The spirit of most of the reply posts is spot on to this old Snowbird hand. I live in Northstar's backyard, and it isn't anything like Snowbird, except that both mountains have lifts. But if you are avid, no place will get you to expert status faster than Snowbird. My best advice is to be humble - understand that big mountains like Snowbird exist to teach you something about yourself, not as objects of conquest. Go with the right attitude, but go! 

post #10 of 24
Quote:
Originally Posted by oldgoat View Post

You might want to check out the snowbird grooming report  http://www.snowbird.com/lifts-and-trails/#trails to get an idea of what's available

Keep in mind that there is a huge difference between a groomed blue or black and an ungroomed one, especially for a snowboarder. Snow condition is also huge

Snowbird is a lot like Squaw in character.  Also keep in mind that next door is Alta, another advanced oriented area  but it does give you an option for more variety.  While snowbird might not be an ideal choice for a 20/d snowboarder you will certainly find runs you can handle--the question will be whether there's enough to keep you interested.  Given that you've gone back to Northstar 3 times and seem happy with that, I'd say you're easy to keep interested.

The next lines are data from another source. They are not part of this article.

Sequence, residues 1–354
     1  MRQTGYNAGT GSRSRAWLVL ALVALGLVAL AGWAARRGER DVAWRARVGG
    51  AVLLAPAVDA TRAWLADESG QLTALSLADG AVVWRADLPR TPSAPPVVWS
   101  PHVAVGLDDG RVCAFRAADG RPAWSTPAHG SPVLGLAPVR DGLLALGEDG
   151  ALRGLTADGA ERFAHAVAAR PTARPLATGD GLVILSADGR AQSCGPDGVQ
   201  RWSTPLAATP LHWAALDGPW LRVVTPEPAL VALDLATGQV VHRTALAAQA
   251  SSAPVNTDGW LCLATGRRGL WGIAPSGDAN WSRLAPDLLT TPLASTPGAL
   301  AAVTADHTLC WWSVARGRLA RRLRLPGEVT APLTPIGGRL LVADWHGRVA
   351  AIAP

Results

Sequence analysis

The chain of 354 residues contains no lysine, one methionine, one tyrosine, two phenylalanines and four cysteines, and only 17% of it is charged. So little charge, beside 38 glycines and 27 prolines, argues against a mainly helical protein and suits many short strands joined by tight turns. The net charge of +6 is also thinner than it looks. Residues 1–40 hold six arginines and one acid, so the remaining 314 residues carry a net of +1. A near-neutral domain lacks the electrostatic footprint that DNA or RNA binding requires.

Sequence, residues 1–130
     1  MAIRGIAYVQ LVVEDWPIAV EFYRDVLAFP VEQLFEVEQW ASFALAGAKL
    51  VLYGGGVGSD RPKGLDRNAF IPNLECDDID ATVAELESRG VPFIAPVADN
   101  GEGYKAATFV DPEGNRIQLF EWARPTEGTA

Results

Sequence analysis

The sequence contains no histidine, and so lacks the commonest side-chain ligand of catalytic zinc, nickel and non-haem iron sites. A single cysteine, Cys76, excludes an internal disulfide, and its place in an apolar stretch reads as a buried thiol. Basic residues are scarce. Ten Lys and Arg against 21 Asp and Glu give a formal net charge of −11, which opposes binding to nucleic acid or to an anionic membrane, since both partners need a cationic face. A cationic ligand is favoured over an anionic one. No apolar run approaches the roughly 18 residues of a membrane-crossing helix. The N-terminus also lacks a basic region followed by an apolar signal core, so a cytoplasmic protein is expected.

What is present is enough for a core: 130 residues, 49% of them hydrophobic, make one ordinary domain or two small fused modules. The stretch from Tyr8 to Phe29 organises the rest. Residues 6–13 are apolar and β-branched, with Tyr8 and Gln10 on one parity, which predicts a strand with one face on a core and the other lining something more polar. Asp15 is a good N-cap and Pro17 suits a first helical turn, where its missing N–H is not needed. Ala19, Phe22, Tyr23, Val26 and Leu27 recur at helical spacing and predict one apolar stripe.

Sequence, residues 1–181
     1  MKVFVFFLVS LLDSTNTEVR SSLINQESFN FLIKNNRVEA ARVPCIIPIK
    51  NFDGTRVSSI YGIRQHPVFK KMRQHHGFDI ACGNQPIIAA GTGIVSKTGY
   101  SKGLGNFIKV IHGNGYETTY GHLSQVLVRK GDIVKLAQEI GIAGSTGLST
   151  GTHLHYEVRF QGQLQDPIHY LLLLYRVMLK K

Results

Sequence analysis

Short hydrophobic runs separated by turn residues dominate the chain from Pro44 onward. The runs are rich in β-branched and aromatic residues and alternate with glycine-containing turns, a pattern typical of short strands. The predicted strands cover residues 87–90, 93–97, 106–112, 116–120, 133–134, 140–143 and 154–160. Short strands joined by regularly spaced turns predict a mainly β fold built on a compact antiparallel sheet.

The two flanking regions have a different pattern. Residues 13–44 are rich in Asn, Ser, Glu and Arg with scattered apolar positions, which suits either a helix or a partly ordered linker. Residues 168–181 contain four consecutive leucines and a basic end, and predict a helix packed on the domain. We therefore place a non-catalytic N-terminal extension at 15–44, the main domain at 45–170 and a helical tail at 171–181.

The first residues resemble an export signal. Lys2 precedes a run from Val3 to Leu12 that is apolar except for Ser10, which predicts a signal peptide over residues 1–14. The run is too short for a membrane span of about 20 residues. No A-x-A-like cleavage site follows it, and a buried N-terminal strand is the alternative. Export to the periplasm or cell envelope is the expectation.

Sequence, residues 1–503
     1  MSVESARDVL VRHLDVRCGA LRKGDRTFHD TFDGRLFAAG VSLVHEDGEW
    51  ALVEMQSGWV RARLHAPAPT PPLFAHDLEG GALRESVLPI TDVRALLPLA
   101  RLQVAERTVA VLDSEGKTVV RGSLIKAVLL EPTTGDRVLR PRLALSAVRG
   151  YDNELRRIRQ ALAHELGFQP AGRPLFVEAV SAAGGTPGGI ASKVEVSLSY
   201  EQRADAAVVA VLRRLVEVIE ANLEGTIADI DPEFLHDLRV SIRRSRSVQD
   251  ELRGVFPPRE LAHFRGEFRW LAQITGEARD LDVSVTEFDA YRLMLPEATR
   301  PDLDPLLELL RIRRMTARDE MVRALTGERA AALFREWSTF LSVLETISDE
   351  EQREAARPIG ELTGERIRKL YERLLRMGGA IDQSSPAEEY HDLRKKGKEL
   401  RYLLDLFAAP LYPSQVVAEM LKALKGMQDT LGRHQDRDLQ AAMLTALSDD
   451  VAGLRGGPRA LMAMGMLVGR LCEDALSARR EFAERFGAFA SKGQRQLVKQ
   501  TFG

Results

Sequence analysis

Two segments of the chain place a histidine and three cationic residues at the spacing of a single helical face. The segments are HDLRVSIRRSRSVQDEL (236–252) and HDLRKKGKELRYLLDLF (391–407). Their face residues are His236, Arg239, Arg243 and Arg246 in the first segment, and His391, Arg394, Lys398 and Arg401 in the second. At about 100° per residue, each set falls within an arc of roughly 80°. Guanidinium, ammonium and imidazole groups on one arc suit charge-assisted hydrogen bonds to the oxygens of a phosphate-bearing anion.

My wife and I really enjoyed Alta when we visited five seasons ago. I was pretty much a solid intermediate back then and had a great time. But one problem for the OP is that he is a snowboarder. Alta does not allow snowboarders.

post #11 of 24
Quote:
Originally Posted by JayT View Post

To the OP - when you've been at Northstar, have you spent much time over on Lookout Mountain?  Those trails are closer to what you'll see at a resort like Snowbird.

Huh, Lookout Mountain isn't anything like Snowbird. They do both have trees and snow and chairlifts, that is where it ends.